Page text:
Article Text


Understanding randomised controlled trials
  1. A K Akobeng
  1. Correspondence to:
    Dr A K Akobeng
    Department of Paediatric Gastroenterology, Central Manchester and Manchester Children’s University Hospitals, Booth Hall Children’s Hospital, Charlestown Road, Blackley, Manchester, M9 7AA, UK;


The hierarchy of evidence in assessing the effectiveness of interventions or treatments is explained, and the gold standard for evaluating the effectiveness of interventions, the randomised controlled trial, is discussed. Issues that need to be considered during the critical appraisal of randomised controlled trials, such as assessing the validity of trial methodology and the magnitude and precision of the treatment effect, and deciding on the applicability of research results, are discussed. Important terminologies such as randomisation, allocation concealment, blinding, intention to treat, p values, and confidence intervals are explained.

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In the first article of the series,1 I described evidence based medicine (EBM) as a systematic approach to clinical problem solving, which allows the integration of the best available research evidence with clinical expertise and patient values. In this article, I will explain the hierarchy of evidence in assessing the effectiveness of interventions or treatments, and discuss the randomised controlled trial, the gold standard for evaluating the effectiveness of interventions.


It is well recognised that some research designs are more powerful than others in their ability to answer research questions on the effectiveness of interventions. This notion has given rise to the concept of “hierarchy of evidence”. The hierarchy provides a framework for ranking evidence that evaluates health care interventions and indicates which studies should be given most weight in an evaluation where the same question has been examined using different types of study.2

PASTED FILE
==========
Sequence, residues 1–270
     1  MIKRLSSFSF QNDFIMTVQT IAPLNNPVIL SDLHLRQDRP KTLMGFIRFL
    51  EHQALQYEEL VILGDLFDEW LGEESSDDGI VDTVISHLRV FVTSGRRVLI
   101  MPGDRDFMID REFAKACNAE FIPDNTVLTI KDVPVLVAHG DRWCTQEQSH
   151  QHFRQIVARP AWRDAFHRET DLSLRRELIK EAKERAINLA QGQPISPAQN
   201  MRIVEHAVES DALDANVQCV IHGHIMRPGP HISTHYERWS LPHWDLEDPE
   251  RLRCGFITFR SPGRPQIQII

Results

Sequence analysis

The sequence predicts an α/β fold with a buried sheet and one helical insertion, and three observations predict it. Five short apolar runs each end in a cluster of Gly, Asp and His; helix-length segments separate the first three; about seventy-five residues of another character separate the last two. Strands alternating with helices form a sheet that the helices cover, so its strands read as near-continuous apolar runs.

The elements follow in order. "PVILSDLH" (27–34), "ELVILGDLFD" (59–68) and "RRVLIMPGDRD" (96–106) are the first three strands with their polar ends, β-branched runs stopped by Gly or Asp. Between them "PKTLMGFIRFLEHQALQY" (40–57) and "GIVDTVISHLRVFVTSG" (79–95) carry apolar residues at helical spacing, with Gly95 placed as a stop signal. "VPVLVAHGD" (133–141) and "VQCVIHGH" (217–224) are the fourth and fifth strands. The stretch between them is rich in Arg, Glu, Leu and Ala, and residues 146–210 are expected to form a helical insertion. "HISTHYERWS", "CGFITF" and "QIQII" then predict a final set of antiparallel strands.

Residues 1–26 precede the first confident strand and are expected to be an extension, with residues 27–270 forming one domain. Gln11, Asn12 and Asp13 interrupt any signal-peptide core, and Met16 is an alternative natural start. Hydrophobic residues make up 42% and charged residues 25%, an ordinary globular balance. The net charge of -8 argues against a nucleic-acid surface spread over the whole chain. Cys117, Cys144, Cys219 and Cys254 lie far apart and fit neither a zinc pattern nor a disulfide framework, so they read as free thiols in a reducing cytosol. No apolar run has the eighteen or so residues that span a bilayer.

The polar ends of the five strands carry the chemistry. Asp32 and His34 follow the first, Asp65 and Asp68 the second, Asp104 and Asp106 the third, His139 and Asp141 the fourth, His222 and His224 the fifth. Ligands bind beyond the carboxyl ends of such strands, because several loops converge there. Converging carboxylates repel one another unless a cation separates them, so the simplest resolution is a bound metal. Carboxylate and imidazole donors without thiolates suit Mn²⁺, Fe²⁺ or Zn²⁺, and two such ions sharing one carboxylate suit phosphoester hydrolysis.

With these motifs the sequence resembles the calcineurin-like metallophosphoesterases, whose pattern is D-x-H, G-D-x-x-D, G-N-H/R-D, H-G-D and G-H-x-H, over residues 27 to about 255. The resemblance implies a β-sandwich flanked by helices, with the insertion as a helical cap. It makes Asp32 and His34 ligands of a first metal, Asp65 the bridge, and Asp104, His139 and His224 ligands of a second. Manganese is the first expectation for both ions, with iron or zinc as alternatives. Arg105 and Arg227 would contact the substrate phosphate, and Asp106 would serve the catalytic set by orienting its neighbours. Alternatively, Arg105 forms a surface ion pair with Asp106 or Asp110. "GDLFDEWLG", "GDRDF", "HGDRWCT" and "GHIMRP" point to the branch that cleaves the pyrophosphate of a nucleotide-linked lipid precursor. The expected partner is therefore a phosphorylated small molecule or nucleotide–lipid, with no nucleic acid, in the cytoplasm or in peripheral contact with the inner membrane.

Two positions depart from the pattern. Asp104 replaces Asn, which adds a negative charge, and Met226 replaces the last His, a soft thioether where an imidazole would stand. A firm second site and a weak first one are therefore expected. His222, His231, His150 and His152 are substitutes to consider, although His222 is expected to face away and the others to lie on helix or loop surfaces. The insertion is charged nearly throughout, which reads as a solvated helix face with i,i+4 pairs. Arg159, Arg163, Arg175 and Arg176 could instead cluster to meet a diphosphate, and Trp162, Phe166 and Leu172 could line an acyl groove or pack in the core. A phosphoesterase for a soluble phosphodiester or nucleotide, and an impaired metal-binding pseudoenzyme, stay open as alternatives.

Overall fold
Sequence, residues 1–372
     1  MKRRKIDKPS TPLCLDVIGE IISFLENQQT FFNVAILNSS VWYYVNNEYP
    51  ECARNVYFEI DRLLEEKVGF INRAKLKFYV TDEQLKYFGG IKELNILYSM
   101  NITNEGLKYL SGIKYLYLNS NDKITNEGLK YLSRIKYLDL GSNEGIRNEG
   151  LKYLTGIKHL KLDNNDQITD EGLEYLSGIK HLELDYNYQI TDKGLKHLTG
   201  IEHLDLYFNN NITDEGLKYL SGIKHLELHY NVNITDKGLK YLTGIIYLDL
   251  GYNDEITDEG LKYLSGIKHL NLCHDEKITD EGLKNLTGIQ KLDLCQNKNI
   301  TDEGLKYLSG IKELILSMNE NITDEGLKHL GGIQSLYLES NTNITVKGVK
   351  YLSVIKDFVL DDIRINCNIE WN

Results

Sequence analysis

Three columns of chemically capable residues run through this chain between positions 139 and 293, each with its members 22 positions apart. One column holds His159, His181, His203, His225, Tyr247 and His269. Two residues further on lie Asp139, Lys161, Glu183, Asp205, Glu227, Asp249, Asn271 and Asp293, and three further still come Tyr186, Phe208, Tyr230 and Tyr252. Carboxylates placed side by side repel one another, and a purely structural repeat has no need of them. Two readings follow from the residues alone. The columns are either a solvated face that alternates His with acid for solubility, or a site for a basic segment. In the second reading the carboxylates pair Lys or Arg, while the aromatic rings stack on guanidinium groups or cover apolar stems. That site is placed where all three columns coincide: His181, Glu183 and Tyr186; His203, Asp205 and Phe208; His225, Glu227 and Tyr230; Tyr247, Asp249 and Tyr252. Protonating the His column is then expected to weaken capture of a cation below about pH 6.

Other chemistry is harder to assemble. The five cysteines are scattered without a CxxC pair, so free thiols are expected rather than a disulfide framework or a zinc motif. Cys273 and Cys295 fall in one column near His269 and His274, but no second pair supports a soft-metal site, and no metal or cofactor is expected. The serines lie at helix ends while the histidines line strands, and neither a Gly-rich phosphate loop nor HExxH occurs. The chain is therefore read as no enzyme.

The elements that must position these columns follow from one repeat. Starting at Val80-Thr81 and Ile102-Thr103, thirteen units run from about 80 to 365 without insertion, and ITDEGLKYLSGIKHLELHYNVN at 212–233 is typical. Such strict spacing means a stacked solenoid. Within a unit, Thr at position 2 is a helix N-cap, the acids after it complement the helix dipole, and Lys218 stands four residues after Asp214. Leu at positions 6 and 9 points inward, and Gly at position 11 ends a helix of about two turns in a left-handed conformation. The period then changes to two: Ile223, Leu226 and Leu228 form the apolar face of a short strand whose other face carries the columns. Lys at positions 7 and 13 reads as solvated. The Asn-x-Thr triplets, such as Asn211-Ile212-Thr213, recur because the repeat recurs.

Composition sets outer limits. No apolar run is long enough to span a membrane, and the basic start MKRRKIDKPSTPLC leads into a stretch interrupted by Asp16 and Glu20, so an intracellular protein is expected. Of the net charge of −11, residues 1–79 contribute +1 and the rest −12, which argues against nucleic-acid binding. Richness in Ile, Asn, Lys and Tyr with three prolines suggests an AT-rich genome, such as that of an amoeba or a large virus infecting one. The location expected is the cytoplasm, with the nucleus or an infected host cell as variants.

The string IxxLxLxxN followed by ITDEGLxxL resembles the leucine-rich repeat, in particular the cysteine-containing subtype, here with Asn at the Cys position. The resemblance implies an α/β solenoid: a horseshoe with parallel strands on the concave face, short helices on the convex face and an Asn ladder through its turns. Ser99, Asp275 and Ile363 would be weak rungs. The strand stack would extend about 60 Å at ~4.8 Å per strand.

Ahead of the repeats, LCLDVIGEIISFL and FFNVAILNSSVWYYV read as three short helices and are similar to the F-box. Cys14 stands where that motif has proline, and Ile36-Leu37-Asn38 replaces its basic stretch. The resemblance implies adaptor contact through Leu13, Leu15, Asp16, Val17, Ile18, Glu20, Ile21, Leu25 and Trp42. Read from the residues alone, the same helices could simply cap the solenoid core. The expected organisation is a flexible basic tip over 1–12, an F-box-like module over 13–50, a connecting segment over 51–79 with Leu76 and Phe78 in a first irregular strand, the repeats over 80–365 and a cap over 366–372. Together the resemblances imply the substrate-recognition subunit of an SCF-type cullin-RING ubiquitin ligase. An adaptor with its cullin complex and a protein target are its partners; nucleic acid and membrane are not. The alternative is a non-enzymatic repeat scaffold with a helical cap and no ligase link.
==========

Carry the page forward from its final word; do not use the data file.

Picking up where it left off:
Figure 1 illustrates such a hierarchy. The ranking has an evolutionary order, moving from simple observational methods at the bottom, through to increasingly rigorous methodologies. The pyramid shape is used to illustrate the increasing risk of bias inherent in study designs as one goes down the pyramid.3 The randomised controlled trial (RCT) is considered to provide the most reliable evidence on the effectiveness of interventions because the processes used during the conduct of an RCT minimise the risk of confounding factors influencing the results. Because of this, the findings generated by RCTs are likely to be closer to the true effect than the findings generated by other research methods.4

Figure 1

 Hierarchy of evidence for questions about the effectiveness of an intervention or treatment.

The hierarchy implies that when we are looking for evidence on the effectiveness of interventions or treatments, properly conducted systematic reviews of RCTs with or without meta-analysis or properly conducted RCTs will provide the most powerful form of evidence.3 For example, if you want to know whether there is good evidence that children with meningitis should be given corticosteroids or not, the best articles to look for would be systematic reviews or RCTs.


An RCT is a type of study in which participants are randomly assigned to one of two or more clinical interventions. The RCT is the most scientifically rigorous method of hypothesis testing available,5 and is regarded as the gold standard trial for evaluating the effectiveness of interventions.6 The basic structure of an RCT is shown in fig 2.

Figure 2

 The basic structure of a randomised controlled trial.

A sample of the population of interest is randomly allocated to one or another intervention and the two groups are followed up for a specified period of time. Apart from the interventions being compared, the two groups are treated and observed in an identical manner. At the end of the study, the groups are analysed in terms of outcomes defined at the outset. The results from, say, the treatment A group are compared with results from the treatment B group. As the groups are treated identically apart from the intervention received, any differences in outcomes are attributed to the trial therapy.6